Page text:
Another big theme in James is controlling what we say. Our words reflect what is in our hearts. What I say in response to my kids and difficult people in my life is the outpouring of my heart. If my heart is being transformed by the gospel, then my speech will be too. And James is clear that we need God’s help to do that. His description of the tongue is striking: “The tongue is a fire, a world of unrighteousness. The tongue is set among our members, staining the whole body, setting on fire the entire course of life, and set on fire by hell… no human being can tame the tongue. It is a restless evil, full of deadly poison” (James 3:6,8). Jesus himself has sobering words for us on this topic in Matthew 12:33-37: “Either make the tree good and its fruit good, or make the tree bad and its fruit bad, for the tree is known for its fruit. You brood of vipers! How can you speak good, when you are evil? For out of the abundance of the heart the mouth speaks. The good person out of his good treasure brings forth good, and the evil person out of his evil treasure brings forth evil. I tell you, on the day of judgment people will give account for every careless word they speak, for by your words you will be justified, and by your words you will be condemned.” 

What I say in response to disobedient children or difficult people reflects the state of my heart. Is my heart, and in turn my speech, being transformed? Is my faith being proven true by a slow but steady positive change in my words, and increased self control? Our pattern of speech is so closely linked with our hearts, that it is the evidence of true faith (or lack thereof). Our words have the power to cause destruction and destroy people. But Jesus is more powerful… if we submit ourselves to Him. 

Here’s the real kicker- we can’t blame our problems on other people or circumstances. James 4:1 says this: “What causes quarrels and what causes fights among you? Is it not this, that your passions are at war within you?” Remember earlier, when I said I wished the people in my life were easier to deal with? That’s me, shifting the blame off myself, looking for a way to justify and excuse my own contributions to the conflicts and clashes. James says that instead of looking outwardly for someone or something to blame, we need to look within ourselves. Our sin and selfish desires are the source of strife and strained relationships, and we are responsible for how we respond to the situations that God has allowed in our lives. If all we do is try to blame other people and circumstances for our problems, we will never allow the gospel to truly transform us.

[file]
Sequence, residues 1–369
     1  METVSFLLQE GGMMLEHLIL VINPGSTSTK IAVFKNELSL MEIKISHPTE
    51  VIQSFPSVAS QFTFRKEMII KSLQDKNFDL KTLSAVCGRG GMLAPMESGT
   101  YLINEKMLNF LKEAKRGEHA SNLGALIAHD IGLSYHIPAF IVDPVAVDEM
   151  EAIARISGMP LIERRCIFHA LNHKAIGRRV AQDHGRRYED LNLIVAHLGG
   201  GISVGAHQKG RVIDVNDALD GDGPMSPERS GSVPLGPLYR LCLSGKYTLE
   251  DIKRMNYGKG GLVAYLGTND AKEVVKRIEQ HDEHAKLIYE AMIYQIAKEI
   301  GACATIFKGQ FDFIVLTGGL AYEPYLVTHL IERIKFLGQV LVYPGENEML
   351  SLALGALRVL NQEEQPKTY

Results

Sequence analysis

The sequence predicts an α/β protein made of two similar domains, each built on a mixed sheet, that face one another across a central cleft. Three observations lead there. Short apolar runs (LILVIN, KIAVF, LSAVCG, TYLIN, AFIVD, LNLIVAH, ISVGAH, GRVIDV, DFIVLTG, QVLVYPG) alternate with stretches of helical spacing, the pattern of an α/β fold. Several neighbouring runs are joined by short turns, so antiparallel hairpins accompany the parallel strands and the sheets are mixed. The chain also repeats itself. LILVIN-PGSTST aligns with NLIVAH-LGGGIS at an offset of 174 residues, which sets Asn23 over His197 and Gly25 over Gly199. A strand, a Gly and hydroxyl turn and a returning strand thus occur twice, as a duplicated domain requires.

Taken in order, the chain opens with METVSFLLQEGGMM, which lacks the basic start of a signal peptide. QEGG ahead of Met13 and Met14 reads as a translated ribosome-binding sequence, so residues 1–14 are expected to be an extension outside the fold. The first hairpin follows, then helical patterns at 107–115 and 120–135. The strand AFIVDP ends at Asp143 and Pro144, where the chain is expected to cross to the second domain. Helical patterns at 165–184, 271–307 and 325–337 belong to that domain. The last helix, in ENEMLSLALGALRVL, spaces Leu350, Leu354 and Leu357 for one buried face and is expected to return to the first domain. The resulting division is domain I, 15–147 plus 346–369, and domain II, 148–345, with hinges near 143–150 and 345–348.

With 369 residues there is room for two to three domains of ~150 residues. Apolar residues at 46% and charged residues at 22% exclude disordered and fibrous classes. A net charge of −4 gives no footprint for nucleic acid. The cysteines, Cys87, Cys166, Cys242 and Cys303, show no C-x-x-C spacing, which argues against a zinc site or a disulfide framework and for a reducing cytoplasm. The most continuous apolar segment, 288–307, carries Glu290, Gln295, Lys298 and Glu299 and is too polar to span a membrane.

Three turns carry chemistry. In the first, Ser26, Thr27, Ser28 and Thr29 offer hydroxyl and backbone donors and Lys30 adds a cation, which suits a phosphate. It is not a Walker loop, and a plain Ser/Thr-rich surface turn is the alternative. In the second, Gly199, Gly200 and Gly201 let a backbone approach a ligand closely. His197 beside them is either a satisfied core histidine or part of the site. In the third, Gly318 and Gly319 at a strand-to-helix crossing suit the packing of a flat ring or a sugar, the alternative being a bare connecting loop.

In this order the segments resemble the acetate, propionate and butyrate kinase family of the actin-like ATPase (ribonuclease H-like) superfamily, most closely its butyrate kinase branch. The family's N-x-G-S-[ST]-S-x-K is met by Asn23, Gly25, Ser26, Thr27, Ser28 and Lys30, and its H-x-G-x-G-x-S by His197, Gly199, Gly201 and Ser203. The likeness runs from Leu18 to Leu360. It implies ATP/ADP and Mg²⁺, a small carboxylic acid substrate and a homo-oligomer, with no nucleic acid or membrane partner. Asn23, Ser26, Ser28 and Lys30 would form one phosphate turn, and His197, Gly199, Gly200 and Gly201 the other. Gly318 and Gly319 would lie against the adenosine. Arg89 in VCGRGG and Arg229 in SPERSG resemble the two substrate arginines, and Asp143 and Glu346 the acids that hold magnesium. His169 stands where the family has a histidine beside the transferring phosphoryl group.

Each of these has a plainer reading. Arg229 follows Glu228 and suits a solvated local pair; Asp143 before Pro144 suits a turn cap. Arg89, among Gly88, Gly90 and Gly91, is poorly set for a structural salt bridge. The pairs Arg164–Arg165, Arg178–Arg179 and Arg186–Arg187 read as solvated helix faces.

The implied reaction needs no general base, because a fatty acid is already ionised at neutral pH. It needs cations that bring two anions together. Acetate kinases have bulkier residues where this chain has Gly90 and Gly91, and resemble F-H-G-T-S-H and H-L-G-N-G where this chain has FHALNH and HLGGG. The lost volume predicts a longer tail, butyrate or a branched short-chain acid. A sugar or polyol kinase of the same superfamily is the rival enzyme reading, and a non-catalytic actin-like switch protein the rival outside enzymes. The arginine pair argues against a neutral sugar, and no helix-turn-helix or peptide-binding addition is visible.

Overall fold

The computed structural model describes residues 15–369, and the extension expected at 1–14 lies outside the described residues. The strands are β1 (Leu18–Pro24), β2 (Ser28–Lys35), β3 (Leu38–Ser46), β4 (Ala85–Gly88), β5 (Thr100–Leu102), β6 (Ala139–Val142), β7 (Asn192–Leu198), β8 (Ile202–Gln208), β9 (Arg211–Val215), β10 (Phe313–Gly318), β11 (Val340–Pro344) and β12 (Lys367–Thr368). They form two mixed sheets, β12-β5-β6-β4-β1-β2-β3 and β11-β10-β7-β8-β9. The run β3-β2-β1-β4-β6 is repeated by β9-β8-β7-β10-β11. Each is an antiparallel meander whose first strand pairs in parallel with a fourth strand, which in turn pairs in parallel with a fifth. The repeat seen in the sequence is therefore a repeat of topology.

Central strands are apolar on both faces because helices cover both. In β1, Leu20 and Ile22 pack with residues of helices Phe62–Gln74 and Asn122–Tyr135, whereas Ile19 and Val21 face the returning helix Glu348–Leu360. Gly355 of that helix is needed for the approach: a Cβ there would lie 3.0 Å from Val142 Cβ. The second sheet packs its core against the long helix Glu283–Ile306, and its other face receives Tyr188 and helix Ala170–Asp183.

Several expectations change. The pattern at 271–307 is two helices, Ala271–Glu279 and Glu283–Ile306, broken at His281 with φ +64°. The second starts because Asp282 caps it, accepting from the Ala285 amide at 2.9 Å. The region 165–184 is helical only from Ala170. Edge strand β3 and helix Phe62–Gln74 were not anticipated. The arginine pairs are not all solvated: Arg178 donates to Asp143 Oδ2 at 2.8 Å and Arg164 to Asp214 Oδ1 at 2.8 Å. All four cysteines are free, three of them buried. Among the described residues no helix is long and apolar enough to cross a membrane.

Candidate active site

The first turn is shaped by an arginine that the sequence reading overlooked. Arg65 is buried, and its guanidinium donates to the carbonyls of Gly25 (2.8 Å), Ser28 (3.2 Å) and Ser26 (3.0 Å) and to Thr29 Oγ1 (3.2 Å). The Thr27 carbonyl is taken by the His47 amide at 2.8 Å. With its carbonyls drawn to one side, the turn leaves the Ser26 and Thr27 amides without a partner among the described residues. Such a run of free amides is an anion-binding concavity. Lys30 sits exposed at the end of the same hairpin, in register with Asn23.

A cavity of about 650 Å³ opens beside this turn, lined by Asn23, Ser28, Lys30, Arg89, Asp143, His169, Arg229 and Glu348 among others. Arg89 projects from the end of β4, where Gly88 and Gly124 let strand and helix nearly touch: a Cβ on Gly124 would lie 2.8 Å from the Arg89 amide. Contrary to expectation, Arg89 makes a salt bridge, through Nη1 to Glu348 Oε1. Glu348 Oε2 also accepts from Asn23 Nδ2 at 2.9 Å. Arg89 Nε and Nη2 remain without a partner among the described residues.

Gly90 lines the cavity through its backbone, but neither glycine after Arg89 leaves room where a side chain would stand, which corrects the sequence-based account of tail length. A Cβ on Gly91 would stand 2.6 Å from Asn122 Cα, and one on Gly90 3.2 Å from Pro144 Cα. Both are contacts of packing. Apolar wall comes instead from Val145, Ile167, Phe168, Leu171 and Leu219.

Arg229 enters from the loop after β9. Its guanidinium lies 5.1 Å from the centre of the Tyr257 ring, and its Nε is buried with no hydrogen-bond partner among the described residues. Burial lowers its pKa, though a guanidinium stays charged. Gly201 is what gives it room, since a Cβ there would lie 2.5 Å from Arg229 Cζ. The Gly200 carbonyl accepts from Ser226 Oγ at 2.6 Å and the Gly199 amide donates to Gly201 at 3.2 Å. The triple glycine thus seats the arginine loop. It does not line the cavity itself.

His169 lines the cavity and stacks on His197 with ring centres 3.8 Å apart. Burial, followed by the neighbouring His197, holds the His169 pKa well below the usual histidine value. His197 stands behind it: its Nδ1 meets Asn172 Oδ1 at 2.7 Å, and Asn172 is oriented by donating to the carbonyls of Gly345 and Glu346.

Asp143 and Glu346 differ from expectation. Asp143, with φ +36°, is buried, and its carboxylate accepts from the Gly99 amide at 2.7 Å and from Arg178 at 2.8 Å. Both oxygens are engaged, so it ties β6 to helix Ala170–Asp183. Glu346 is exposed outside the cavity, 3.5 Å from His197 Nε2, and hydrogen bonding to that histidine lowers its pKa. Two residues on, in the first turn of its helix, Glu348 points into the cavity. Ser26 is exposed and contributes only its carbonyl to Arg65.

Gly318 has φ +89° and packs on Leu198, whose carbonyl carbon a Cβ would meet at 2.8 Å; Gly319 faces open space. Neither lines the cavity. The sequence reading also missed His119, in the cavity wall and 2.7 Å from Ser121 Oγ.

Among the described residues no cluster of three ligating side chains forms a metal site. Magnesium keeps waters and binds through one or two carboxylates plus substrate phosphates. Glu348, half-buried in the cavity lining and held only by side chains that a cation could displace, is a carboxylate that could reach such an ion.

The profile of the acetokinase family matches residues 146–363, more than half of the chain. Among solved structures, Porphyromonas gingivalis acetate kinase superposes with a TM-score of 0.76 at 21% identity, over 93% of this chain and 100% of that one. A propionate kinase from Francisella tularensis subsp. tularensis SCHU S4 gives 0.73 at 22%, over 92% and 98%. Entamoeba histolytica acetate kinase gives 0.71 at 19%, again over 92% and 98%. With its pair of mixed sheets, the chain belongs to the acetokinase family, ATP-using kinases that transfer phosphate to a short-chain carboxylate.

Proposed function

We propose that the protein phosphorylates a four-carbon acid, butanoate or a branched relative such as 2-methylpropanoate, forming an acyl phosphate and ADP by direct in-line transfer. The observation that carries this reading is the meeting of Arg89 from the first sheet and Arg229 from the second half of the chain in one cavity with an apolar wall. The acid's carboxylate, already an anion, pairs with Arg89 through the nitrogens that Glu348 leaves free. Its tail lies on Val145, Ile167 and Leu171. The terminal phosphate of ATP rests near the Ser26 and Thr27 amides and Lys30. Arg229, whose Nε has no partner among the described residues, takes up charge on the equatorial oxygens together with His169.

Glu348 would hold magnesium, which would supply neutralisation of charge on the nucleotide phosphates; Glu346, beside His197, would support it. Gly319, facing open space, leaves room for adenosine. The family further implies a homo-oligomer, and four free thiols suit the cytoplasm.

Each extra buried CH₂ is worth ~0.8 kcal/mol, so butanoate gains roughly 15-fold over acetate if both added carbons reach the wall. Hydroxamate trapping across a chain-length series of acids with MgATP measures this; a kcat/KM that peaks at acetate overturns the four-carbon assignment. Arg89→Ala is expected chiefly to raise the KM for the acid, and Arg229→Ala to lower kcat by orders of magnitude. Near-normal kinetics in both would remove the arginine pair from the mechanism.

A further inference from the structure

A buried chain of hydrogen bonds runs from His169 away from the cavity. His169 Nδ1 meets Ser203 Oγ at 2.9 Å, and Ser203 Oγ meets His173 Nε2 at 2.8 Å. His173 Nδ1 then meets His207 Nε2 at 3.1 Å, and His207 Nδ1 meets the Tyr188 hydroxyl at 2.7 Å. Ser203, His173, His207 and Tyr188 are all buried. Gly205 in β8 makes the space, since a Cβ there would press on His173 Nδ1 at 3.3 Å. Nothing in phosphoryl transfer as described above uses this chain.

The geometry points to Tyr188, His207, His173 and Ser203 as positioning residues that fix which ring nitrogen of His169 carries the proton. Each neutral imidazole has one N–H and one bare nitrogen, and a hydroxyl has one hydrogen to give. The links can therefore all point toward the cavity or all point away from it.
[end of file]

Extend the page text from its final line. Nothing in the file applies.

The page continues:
The remedy to all of this is humility and repentance. His grace is greater than our sin. But we must humble ourselves before Him. James 4:6-10 says, “But he gives more grace. Therefore it says, ‘God opposes the proud but gives grace to the humble.’ Submit yourselves therefore to God. Resist the devil, and he will flee from you. Draw near to God, and he will draw near to you. Cleanse your hands, you sinners, and purify your hearts, you double-minded. Be wretched and mourn and weep. Let your laughter be turned to mourning and your joy to gloom. Humble yourselves before the Lord, and he will exalt you.” 

I often don’t think much about repentance. But we can’t truly draw near to God without it. Our sin should sadden us. It’s not something we should brush off, make excuses for, or laugh about. We can only have a right relationship with God through regular repentance, confession, and acknowledging that we cannot live righteously on our own strength. When we see God for who he truly is- limitlessly holy, good, pure, powerful- the only right response is humility, because we know we are nothing in comparison to Him, and we are nothing without Him.

Viewing ourselves through an accurate lens should change the way we interact with other people. James 4:11-12 shows us that we are in no place to speak evil of others, because only God is the lawgiver and judge. Pride keeps us from recognizing our own need for God and wrongly elevates us above others. Humility allows us to reflect Christ in the way that he mercifully and patiently deals with us, so that we may treat others with that same mercy and love. 

The book of James is very practical with many calls to action. It could be looked at as an overview of how the Christian life should be. It has brought a lot of conviction, clarity, encouragement, and peace to my heart. If you have never done a study on James, it is well worth your time! And if you have, I would love to hear how it has challenged and encouraged you in your own unique trials of life.